The next step, of course, is to trust that your students will rise to the occasion. You might say, “I know this may sound scary, but I know each of you will rise to this occasion. I believe in you.”
Last year, when I wrote about writing celebrations, I interviewed some student writers about the fact that parents would be coming into the school to read their writing. How did that affect them? Here are a few things I heard:
“It made me challenge myself more,” responded Luke. “I tried harder to make my writing the best it could be. I don’t think I would have done that otherwise.”
Samantha said, “I felt like there was more pressure on me, but that was good. It forced me to try to make my piece the best it could be.”
For those of you reading this and still struggling to imagine ever even considering the Starbucks suggestion, consider placing a bit of a disclaimer in the front of your anthology:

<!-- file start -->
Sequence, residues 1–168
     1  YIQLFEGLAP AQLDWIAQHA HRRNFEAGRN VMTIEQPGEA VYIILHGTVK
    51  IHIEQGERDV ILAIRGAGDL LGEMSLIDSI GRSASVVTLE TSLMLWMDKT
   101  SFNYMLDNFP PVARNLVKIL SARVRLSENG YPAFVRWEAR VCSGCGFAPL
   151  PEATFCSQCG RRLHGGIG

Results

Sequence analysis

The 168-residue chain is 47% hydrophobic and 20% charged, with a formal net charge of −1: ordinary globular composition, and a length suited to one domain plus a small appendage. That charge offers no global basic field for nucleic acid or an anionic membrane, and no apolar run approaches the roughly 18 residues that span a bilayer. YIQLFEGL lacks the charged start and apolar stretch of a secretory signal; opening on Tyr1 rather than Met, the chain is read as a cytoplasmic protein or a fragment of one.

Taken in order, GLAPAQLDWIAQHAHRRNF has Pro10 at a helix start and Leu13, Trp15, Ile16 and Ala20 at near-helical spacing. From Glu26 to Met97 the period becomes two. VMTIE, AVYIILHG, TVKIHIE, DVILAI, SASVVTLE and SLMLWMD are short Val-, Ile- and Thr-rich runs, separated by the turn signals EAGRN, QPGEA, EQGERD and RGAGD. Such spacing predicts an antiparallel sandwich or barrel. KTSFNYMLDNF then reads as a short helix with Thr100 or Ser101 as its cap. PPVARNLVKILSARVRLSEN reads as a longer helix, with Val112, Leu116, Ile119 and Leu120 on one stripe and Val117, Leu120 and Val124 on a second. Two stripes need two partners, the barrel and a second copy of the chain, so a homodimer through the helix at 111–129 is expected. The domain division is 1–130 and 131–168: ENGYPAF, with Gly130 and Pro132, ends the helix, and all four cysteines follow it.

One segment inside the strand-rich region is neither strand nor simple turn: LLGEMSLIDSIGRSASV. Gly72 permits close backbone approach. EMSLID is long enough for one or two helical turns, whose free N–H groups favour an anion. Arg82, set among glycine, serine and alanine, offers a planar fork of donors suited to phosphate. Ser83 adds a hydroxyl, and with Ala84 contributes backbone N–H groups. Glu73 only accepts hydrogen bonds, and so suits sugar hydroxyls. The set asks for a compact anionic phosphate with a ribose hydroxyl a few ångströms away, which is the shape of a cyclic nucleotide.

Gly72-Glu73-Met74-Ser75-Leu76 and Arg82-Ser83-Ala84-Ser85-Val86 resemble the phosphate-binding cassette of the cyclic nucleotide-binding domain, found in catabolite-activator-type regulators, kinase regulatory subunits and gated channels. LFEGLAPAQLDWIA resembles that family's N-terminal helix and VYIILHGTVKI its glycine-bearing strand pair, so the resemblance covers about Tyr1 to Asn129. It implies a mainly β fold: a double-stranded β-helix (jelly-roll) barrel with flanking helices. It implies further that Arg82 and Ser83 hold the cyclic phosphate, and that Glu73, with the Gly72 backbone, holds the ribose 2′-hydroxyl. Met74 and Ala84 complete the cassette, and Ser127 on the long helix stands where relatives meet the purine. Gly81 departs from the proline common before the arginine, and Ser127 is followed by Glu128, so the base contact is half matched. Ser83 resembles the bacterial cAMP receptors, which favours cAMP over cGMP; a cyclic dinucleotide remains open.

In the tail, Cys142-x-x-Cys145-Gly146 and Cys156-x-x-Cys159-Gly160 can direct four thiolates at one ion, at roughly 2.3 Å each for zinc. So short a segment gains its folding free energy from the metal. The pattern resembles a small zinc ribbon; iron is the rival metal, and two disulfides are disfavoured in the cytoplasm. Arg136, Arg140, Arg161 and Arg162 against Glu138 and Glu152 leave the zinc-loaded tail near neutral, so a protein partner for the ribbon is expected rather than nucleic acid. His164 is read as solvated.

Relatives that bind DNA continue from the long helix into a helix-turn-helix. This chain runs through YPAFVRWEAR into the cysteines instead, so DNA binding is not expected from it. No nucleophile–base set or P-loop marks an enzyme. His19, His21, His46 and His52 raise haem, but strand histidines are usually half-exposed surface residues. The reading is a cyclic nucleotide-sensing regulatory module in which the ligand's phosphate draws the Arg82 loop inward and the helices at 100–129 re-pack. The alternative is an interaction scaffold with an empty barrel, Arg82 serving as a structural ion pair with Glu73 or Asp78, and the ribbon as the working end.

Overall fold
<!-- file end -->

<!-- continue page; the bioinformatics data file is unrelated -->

By taking the attention off ourselves, we can create real opportunity for our students as writers.
While, of course, teaching writing is extraordinarily important work that can be transformative for our students, in the end our work is not about us: It is about our students.
And great possibility lives in the idea that when we can keep the attention on them, they will flourish as writers.
After hearing my side of the argument, my colleague encouraged me to write this post on Two Writing Teachers. After we talked, she felt that the notions of committing to publicizing our students’ writing in a public way without compromising quality instruction that focuses on growth and approximation, that removing the attention from ourselves and focusing instead on our students, that believing our kids can rise to such an occasion, and that “letting go” of control a bit… all of these were worth writing about here. So I did. What are your thoughts? We’d love to hear from you!